Concrete is designed to be hard to punch through. What does one do, then, if one wishes to attach things to a concrete wall? Standard nails will bend as they cannot make it through. The solution is to use masonry nails--extremely tough nails explicitly used to fasten things to concrete. They are used to fix wooden strips to walls, attach shelf brackets, and even secure appliances and furniture to concrete floors. This guide is written to help select the most appropriate kind of masonry nail for one's needs.
Type of nail
There are two main types of nails in use--fluted masonry nails and cut masonry nails. The fluted style, created by cutting hardened steel wire and shaping the result, most commonly features a flat head and a sharp diamond tip perfect for driving through rigid materials. They can be fluted straight or twilled, where the fluting wraps around the shank at an angle. These ridges provide greater holding power and resist withdrawal by gripping the masonry's uneven surfaces.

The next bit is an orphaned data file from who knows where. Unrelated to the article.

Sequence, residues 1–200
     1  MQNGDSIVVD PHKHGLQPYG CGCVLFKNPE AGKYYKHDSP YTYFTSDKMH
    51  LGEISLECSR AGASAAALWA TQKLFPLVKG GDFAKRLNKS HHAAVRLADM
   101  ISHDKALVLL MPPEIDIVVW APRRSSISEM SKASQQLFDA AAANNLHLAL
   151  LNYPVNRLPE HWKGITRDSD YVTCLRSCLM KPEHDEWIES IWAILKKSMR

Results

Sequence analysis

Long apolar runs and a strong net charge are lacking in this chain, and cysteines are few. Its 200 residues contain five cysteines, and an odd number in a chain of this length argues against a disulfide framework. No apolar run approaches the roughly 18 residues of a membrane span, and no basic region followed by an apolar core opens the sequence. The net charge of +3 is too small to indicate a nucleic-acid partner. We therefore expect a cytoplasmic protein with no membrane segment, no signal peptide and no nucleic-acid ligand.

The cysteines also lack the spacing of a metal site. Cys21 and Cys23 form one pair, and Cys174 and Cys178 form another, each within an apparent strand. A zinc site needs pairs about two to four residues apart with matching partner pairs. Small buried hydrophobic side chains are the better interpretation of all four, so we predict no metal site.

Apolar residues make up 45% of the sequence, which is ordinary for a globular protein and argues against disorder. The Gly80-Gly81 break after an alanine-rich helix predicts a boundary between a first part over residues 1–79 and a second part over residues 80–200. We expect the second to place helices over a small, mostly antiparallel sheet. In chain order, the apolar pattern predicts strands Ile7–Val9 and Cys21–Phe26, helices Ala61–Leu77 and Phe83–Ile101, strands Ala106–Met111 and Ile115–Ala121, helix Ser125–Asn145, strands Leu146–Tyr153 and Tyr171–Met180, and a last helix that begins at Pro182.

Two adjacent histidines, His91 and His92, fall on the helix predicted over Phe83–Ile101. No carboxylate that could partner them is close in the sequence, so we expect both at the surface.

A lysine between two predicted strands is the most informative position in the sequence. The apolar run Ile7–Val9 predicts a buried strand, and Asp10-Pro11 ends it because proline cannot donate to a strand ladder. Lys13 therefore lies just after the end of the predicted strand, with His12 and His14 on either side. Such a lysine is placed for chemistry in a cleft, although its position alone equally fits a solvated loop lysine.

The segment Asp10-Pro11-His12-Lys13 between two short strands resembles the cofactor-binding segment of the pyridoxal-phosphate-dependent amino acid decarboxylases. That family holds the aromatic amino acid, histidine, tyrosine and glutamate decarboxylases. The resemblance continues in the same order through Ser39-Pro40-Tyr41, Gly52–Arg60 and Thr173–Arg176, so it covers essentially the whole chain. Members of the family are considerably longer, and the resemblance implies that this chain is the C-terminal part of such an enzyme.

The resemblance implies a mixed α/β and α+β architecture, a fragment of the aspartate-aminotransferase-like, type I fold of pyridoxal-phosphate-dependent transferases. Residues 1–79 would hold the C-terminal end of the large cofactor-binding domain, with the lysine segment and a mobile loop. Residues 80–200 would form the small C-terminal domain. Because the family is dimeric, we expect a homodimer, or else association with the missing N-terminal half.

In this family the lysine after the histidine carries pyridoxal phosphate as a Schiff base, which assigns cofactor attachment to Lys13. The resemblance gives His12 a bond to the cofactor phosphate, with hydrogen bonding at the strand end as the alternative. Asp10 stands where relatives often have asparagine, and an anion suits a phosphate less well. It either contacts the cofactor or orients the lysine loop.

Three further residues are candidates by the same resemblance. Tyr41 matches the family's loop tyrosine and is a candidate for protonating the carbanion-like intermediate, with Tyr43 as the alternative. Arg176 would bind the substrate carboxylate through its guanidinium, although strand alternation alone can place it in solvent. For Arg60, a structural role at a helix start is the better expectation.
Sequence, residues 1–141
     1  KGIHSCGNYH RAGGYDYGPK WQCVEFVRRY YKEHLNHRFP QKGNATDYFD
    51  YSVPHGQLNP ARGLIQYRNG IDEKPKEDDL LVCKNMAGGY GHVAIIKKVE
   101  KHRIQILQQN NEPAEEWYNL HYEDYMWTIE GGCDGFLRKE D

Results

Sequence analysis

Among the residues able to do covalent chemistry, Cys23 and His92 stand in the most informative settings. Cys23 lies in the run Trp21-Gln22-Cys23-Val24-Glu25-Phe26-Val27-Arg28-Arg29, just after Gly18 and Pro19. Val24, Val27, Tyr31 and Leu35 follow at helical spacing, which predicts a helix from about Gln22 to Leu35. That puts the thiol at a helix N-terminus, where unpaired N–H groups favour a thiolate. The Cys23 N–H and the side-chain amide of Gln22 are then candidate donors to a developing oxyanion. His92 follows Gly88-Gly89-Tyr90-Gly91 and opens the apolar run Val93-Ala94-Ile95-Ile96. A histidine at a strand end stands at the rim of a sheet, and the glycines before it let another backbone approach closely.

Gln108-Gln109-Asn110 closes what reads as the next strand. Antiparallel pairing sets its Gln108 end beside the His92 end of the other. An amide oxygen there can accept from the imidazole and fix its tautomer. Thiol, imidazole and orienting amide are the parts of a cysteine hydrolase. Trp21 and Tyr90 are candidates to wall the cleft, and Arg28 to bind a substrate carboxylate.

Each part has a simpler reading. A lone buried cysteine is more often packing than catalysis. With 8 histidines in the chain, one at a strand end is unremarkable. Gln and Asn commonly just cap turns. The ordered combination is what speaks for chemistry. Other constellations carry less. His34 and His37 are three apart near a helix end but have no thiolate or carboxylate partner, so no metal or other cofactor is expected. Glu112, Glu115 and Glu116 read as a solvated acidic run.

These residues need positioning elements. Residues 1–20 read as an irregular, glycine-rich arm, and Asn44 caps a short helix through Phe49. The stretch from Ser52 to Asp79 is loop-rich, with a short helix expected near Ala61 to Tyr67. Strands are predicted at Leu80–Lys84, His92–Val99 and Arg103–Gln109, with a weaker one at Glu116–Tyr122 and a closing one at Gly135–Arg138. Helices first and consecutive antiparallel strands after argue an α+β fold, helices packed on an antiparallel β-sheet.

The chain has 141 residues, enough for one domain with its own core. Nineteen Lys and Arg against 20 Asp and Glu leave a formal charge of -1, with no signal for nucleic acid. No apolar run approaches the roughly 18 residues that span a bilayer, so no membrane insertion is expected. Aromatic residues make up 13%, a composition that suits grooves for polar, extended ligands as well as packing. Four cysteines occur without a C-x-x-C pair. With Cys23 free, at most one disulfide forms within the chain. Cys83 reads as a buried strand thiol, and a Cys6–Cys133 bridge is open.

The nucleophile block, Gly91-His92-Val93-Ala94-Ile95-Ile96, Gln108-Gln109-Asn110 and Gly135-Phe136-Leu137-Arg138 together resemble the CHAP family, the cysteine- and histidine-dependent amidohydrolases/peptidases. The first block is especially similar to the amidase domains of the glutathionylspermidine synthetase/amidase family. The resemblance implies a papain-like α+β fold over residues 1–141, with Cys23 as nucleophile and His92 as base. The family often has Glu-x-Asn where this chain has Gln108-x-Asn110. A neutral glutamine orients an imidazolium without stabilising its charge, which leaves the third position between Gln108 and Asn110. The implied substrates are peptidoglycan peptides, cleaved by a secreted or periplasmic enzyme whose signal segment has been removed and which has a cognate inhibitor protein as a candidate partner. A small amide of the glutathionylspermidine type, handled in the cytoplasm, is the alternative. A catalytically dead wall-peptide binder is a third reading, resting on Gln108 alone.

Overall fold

On the other hand, cut masonry nails are wrought out of hardened steel and tend to be much larger than their wire counterparts. They have a unique shape, with a blunt end and a tapered shank, which helps resist bending and makes them extremely durable. Using them may be more appropriate in projects with a rustic or historical bent, as they can even penetrate stone surfaces and reinforced concrete.
Materials and finishing
As fluted masonry nails have to be extremely tough to punch through concrete, they are usually made of tempered high-carbon steel, which doesn't bend or give way easily. The nail surface may be plated with a zinc coating, which prevents them from corroding. Nails range from under an inch to up to 10" in length, with the longer nails suitable for driving thick pieces of wood into concrete floors.
Cut masonry nails, however, are made out of hardened steel. This lets them pierce surfaces even with a blunt end (though the worker should take care to wear goggles while applying them). They are also heat-treated to increase their resistance to bending. They may be hot-dipped galvanized for increased durability and corrosion protection, but using them probably isn't a good idea in applications where surface rust is unacceptable.
Categories Simillar to Masonry Nails includes Common Nails, Drywall Nails and Duplex Nails